Encouraged by the latest riveting trailer for Rogue One:  A Star Wars Story, I am re-posting the poem here. Mingling Star Wars references with Gray’s elegiac form, it expresses my mixed emotions at seeing the beloved franchise of my childhood taken over by Disney. Such a transfer of ownership brings great uncertainty, but also great promise.

But before I subject you to the poem, here is a delightful short video on a similar theme. This is a great bit with Patton Oswalt and Conan O’Brien. Oswalt explains his dubious–yet wonderfully heartening–attempt to introduce his daughter to Star Wars.  In doing so, he speaks adeptly about the nature of falling under a fanciful realm’s charm.

 

And now, for your consideration and hopefully enjoyment, is my poem.

Elegy Written for a Country Space Opera

Twin sunsets fade like knells of parting day,
As whistling droids whir–steadfast–o’er a dune,
The fanboy starward dreams his leery way,
But leaves that world to Disney all too soon.

Now silence cloaks a landscape raised for mirth,
He treads its gravel waves, rock mem’ry spice,
Like one who shirked the moisture farmer’s worth,
Then nearly perished, sown within Hoth’s ice.

For such, the glimm’ring landscape of the night
Fades out, marked by the telling Mynock shrieks,
Save where a vast white screen now waits for light,
To cast again the Falcon fandom seeks.

Can any reprise hope to freshen lore,
Which strikes back with new lessons harder learned?
Son’s eyes reflected matching suns before,
Tear-glazed, their father’s pyre light returned.

Let not awakened icons wear out joy,
First witnessed as wide grins in Yavin’s nave;
Though medaled hero stood then as a boy,
The paths of sequels lead but to the grave.

So too, the fanboy grays into a man,
No more to pilot drive-in playground swings.
His mind a hermitage, this would-be Han
Now smuggles fondness for his old musings.

Full many a boy of Jedi’s worth now lives,
The dark nonfiction caves of this world bear;
Full many a Leia to drubbed Luke now gives
A savior’s kiss in grounded city air.

Far from the cineplex, this rustic youth,
Who read dire word crawls from a pickup bed,
Was led by Ben Kenobi’s tailored truth;
Delusions grand–Yodaic in his head–

Forbade by life’s rude lot prequels to pen,
This almost-George, no Empire’s rod did sway;
He left the greatest tale of Anakin
Unwritten long ago and far away.

EPITAPH
“Oh, be wan,” gibes Salacious ‘neath the sand.
“Would all could rest their heads on Disney’s hearth,
Who’ve lived within, like each new rebel band,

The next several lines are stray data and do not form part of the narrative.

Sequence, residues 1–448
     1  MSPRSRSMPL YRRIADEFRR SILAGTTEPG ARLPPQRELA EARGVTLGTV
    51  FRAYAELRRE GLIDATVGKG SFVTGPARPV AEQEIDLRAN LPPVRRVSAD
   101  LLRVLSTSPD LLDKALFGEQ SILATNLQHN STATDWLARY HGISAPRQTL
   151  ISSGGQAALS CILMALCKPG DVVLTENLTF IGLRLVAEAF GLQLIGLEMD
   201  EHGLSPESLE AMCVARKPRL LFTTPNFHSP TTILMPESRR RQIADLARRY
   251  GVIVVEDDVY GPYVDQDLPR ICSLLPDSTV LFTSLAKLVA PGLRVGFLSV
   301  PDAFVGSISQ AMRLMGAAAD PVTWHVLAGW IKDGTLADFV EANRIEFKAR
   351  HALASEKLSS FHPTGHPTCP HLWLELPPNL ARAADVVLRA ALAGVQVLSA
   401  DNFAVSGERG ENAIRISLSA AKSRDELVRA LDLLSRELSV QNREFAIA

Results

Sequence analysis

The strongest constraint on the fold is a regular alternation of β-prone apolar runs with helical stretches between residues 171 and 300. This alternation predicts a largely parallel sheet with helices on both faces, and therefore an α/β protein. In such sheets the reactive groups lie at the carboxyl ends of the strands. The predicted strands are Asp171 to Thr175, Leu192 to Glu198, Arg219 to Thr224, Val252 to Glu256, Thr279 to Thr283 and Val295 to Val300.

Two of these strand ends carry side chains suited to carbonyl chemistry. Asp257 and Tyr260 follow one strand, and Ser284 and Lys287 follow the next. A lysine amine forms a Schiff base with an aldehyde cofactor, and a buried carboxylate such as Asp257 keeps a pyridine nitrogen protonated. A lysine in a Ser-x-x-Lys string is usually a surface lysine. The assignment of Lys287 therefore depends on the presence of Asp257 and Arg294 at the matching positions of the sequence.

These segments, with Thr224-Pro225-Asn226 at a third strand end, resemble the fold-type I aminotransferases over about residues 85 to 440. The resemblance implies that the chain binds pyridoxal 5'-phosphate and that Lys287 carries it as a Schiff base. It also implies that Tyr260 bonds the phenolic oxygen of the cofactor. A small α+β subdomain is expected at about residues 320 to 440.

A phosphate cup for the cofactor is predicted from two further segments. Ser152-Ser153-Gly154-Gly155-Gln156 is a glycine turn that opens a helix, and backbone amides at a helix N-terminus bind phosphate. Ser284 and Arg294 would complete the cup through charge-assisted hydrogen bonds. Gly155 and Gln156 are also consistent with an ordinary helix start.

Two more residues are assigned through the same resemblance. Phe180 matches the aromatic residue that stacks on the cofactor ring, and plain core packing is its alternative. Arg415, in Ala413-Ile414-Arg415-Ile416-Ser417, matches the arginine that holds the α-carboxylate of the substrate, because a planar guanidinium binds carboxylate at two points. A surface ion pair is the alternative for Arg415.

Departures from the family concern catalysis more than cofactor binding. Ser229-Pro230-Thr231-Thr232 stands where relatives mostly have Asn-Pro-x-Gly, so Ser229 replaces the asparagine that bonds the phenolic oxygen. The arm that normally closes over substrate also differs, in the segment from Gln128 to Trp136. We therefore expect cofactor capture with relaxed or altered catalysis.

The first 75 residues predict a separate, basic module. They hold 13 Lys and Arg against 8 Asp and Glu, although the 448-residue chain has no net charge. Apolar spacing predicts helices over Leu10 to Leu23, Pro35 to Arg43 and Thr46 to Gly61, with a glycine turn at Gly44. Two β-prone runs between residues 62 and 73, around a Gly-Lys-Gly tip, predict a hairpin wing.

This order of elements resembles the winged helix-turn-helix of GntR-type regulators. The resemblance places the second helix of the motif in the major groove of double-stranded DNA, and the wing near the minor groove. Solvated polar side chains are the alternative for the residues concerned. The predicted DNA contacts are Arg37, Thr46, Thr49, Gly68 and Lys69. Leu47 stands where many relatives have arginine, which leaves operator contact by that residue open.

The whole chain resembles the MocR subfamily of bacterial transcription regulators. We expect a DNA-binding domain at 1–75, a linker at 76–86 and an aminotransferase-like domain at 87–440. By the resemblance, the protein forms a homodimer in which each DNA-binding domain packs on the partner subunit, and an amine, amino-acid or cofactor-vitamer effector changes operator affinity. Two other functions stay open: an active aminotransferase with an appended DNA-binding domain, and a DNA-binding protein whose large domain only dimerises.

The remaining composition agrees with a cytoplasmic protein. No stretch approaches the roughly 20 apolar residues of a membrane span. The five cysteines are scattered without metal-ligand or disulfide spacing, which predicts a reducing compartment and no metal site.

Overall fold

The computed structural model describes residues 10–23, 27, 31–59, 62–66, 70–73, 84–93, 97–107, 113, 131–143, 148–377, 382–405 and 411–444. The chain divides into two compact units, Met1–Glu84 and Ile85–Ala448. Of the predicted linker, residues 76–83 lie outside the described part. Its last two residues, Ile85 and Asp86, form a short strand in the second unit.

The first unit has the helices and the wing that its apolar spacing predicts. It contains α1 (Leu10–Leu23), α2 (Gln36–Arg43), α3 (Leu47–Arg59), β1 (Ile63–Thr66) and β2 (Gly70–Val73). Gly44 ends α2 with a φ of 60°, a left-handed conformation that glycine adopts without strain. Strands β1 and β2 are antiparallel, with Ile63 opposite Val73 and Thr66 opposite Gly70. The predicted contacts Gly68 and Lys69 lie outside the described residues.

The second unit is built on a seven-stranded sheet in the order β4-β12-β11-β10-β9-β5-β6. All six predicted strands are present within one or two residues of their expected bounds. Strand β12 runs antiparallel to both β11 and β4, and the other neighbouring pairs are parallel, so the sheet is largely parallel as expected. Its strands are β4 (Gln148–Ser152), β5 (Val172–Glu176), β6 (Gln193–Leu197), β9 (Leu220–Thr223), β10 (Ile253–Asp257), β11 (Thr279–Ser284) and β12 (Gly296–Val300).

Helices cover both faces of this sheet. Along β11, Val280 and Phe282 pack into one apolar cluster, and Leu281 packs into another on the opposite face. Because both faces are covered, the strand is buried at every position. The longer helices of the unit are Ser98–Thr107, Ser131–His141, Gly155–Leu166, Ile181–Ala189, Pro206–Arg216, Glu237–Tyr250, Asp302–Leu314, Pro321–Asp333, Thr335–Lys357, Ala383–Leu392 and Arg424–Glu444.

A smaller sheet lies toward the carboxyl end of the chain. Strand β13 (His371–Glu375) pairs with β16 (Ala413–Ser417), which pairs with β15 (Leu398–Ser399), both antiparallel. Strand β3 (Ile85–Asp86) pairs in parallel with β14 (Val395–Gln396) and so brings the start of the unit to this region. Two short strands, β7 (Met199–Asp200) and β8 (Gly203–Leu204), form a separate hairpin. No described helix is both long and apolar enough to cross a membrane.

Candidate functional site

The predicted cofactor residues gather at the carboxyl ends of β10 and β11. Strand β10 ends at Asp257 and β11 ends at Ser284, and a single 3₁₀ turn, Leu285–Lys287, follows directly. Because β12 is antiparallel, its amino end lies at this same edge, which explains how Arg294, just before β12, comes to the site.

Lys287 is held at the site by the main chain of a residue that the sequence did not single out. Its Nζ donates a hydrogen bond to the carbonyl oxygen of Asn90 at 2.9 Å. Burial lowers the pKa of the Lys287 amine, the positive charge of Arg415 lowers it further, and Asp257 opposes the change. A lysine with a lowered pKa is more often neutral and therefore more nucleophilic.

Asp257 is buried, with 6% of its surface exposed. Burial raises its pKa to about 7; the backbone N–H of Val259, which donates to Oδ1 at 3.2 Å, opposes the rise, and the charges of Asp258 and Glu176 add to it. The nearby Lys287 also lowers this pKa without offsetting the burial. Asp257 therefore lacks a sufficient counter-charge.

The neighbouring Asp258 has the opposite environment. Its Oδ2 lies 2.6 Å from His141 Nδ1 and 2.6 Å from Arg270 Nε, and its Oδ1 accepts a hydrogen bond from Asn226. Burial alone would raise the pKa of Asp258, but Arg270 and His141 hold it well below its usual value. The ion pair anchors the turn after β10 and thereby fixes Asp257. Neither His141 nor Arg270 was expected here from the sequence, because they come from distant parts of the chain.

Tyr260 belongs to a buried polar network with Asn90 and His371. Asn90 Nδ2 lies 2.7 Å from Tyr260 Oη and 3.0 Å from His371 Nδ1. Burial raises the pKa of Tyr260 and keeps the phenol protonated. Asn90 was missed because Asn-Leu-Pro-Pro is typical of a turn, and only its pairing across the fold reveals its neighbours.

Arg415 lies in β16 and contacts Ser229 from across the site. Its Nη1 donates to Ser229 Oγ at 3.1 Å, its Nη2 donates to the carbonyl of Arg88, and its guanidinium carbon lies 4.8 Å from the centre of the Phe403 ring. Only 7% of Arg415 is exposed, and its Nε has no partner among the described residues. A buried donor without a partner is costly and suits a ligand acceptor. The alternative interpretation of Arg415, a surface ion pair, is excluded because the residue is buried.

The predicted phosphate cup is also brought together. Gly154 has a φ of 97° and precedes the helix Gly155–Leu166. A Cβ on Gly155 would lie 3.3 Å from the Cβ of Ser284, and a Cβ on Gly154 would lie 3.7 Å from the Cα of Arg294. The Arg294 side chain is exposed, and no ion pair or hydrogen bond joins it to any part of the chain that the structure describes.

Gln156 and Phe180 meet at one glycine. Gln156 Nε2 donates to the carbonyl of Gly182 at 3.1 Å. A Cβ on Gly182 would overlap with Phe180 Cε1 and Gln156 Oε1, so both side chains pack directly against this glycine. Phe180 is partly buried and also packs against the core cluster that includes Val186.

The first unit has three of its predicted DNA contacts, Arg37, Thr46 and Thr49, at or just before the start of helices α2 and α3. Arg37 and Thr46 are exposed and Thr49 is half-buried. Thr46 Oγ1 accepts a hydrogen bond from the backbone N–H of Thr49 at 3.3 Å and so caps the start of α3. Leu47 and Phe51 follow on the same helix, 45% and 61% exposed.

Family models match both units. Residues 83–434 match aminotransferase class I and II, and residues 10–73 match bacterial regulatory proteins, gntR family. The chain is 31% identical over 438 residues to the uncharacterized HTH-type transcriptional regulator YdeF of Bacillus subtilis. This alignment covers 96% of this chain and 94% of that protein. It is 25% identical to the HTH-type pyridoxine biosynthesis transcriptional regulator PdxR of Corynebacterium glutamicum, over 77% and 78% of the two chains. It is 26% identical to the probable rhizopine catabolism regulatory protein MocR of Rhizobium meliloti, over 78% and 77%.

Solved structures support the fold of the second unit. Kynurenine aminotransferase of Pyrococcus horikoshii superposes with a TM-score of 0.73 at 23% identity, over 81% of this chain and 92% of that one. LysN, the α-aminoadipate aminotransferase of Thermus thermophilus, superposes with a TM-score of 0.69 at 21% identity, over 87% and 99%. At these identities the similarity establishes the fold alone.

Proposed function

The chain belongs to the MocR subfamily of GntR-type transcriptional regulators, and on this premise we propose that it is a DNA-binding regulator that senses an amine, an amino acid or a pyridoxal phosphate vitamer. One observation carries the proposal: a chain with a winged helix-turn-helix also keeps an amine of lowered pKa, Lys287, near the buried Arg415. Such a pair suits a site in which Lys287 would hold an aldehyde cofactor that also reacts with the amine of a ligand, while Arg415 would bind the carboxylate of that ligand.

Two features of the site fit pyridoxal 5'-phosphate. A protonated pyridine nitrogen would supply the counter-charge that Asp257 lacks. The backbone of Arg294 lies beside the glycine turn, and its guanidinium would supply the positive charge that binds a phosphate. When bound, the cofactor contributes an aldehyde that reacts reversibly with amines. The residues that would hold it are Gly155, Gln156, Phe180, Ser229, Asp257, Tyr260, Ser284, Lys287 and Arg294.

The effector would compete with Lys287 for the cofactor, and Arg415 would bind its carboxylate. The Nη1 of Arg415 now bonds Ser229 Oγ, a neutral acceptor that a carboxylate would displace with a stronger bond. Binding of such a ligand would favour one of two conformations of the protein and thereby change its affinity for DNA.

The bosom of their Father and their Darth.”

Master Poet: “at ease in the never-ending”

“My father spent whole seasons / Bowing before the oracle-eye, hungry for what it would find. / His face lit-up whenever anyone asked, and his arms would rise / As if he were weightless, perfectly at ease in the never-ending / Night of space.”

–Tracy K. Smith, excerpt from “My God, It’s Full of Stars”

hubble-repair-mission-nasa
The Hubble Space Telescope, the oracle-eye of Tracy K. Smith’s poem, pictured here by the crew of the Space Shuttle Atlantis in 2009. Image Credit: NASA

The Mormon theology on which I was raised proffered a binary existence: a temporal realm and a spiritual realm, separated by a literal veil. It takes a prophetic eye to see from the temporal into the spiritual. Yet it takes a master writer’s ability to make the resulting vision, with its vast scales and darkly shrouded mysteries, meaningful to readers.

Poet Tracy K. Smith’s “My God, It’s Full of Stars,” originally published in the collection Life on Mars, revels in a similar sort of binary cosmology. Her poem moves back and forth, to and from the realms of science fiction and science reality. In some of the most vivid stanzas, we see the universe through the artful eyes of filmmaker Stanley Kubrick. Yet the oracle-eye referenced in the above quote is the non-fictional Hubble Space Telescope. Smith’s father spent a great portion of his engineering career bringing Hubble into operation.

I encourage you to read Smith’s poem, available in its entirety on the Poetry Foundation website:

My God, It’s Full of Stars

Did you read it? If not, pretty please do. If you did read it, please go back and read it again. Smith’s poem is a classic example of verse that must be read more than once for the fullest appreciation. Reading it only once may leave a casual reader with the mistaken impression the poem is a blur of jumbled images and unresolved themes—a bit like early Hubble images. Repeat readings bring into focus the poem’s excellent craftsmanship and profound implications.

Smith’s poem treats readers to bursts of alliteration and internal rhyme. Gruff mood swings, giving off an odd smoky charm, give way to erotic lyricism (tasteful mind you) with its obvious appeal. The push of patriarchy vies with the pull of matriarchy, both flanking the poem’s cinematic core. Yet the sci-fi world of 2001: A Space Odyssey finds a parallel in the workaday reality of Kubrik’s moviemaking.

If something catches your eye once in this poem, scan around and you will likely find its compliment in another stanza. For instance, the quote I started this post with is the second time the word “bowing” appears in the poem. Find the other use of bowing and revel in the age-old tableau of a single human wondering at the mysterious night sky, juxtaposed with the possibility of many more beings on distant worlds doing the same thing.